Did Jesus claim to be God? This is an important question, not only for our own personal faith, but also for defending that faith. Most people are familiar with New Testament texts that assert Christ’s divinity (John 1:1, etc.), but there is much more evidence than people suppose — for example, when Christ calms the sea.
Matthew 8:24-28: “Suddenly a violent storm came up on the sea, so that the boat was being swamped by waves; but he was asleep. They came and woke him, saying, ‘Lord, save us! We are perishing!’ He said to them, ‘Why are you terrified, O you of little faith?’ Then he got up, rebuked the winds and the sea, and there was great calm. The men were amazed and said, ‘What sort of man is this, whom even the winds and the sea obey?’”
On the surface, Jesus is clearly exercising power that is beyond human nature. But what is this power? Someone could assert that angels are powerful, so maybe Jesus is exercising preternatural angelic power. What is it about this miracle that points to Christ’s divinity?
The answer lies in the Old Testament background: who calms the waters? The Old Testament is quite clear on this point. Job 26:11-12, for example, says “The pillars of the heavens tremble and are stunned at his [God’s] thunderous rebuke; By his power he stirs up the sea, and by his might he crushes Rahab …” God stirs the sea to crush Rahab.
Psalm 89:9-10 places the power to “rule the raging sea” and “still its swelling waves” exclusively in God’s hands: “LORD, God of hosts, who is like you? Mighty LORD, your loyalty is always present. You rule the raging sea; you still its swelling waves.”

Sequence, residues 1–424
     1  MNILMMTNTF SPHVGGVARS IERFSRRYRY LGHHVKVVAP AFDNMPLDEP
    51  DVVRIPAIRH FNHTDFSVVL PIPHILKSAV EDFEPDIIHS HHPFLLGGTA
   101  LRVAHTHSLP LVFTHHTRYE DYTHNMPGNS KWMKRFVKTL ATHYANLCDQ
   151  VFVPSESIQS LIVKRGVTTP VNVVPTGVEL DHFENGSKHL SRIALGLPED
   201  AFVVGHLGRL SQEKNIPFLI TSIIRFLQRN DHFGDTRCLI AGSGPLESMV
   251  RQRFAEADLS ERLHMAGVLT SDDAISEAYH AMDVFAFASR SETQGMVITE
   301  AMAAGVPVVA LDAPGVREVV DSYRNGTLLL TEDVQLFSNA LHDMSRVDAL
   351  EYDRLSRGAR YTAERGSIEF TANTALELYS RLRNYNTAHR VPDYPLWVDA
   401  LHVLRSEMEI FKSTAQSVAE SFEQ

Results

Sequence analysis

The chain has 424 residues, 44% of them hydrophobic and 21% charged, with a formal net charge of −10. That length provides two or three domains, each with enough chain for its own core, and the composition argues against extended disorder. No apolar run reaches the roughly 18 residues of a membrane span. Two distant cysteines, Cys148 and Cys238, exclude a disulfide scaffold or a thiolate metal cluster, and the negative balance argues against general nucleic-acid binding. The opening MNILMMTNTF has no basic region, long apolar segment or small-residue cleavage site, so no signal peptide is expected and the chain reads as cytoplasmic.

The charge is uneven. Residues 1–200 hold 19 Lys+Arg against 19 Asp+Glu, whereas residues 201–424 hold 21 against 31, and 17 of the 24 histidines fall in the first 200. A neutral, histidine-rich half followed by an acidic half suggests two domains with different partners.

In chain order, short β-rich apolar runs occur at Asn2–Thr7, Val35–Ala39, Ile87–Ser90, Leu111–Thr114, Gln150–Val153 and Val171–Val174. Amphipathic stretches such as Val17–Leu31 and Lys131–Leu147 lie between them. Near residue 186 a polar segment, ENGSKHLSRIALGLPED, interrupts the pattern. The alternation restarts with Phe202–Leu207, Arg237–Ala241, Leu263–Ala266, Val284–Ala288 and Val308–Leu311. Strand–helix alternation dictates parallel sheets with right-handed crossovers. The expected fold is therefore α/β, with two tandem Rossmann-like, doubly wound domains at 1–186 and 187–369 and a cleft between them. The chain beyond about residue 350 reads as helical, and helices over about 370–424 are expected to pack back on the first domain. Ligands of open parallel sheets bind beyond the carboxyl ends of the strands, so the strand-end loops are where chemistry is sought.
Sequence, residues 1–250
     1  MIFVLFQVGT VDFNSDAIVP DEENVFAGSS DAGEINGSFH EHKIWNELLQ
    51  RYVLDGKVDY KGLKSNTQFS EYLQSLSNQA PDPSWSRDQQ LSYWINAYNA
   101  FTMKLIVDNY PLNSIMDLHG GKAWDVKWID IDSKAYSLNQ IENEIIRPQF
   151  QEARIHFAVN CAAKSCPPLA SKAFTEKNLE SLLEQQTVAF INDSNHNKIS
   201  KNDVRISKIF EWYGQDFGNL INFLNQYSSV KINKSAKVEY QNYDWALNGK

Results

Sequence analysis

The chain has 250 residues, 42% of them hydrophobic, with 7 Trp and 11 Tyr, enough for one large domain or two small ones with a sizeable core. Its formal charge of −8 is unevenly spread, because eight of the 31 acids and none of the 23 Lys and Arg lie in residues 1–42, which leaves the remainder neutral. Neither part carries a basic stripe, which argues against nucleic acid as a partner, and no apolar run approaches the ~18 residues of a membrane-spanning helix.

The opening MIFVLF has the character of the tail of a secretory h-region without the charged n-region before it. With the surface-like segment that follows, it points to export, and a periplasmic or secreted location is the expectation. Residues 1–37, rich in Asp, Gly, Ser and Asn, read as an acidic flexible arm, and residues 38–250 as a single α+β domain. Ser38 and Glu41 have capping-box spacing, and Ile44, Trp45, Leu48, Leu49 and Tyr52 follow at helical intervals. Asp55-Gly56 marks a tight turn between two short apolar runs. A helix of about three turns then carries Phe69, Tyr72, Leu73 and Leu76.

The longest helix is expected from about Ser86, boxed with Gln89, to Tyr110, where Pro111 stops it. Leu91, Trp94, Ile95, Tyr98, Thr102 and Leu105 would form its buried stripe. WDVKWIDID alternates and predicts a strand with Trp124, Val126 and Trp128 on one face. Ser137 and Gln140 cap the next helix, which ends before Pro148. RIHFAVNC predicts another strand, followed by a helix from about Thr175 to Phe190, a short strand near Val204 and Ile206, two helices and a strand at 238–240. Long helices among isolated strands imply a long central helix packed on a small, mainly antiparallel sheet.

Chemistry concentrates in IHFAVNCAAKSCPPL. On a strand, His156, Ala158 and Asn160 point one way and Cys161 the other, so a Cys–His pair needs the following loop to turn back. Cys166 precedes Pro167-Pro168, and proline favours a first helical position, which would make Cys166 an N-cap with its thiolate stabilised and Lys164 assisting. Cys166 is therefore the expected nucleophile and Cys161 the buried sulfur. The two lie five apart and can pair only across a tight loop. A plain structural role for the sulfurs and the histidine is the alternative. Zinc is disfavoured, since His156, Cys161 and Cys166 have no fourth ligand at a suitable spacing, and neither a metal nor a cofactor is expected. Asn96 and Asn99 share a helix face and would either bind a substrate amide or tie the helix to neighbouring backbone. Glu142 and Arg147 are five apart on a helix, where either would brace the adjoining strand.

Psalm 93:2 states that God’s power exceeds that of the raging sea: “The flood has raised up, LORD; the flood has raised up its roar; the flood has raised its pounding waves. More powerful than the roar of many waters, more powerful than the breakers of the sea, powerful in the heavens is the LORD.”
Even more remarkable is Psalm 107:23-31’s description of sailors caught in a tempest: “Some went off to sea in ships, plied their trade on the deep waters. They saw the works of the LORD, the wonders of God in the deep. He spoke and roused a storm wind; it tossed the waves on high. They rose up to the heavens, sank to the depths; their hearts trembled at the danger. They reeled, staggered like drunkards; their skill was of no avail. In their distress they cried to the LORD, who brought them out of their peril, hushed the storm to a murmur; the waves of the sea were stilled. They rejoiced that the sea grew calm, that God brought them to the harbor they longed for.”
As you probably noticed, there are several parallels between this Psalm and Matthew. Both passages speak of those caught in a fierce storm at sea. Both Christ’s disciples and the sailors in the Psalm cry to the Lord. The sailors in Psalm 107:28 cried out to Yahweh where the disciples in Matthew 8:25 came to Jesus exclaiming, “Lord, save us! We are perishing!” The sea is calmed in both passages. In Psalm 107:28-29, God brings the sailors out of peril, and in Matthew 8:26 Jesus rescues them by rebuking the wind and the sea.
What’s interesting is that the sailors in Psalm 107:31 knew who rescued them. They rejoiced “… that God brought them to the harbor they longed for.” But not so with the disciples. They knew Job and the Psalms, so they knew that God rules the winds and the sea, but they had just witnessed Jesus doing what God does. They asked, “What sort of man is this, whom even the winds and the sea obey?”
That question brought them face to face with the mystery of the Incarnation. They knew Jesus to be man, but God rules the sea. How can Jesus calm the sea? This miracle is one of several steps along the way that led the disciples to eventually embrace Christ as true God and true man.
Gary Michuta is an apologist, author and speaker and a member of St. Michael the Archangel Parish in Livonia. Visit his website at www.handsonapologetics.com.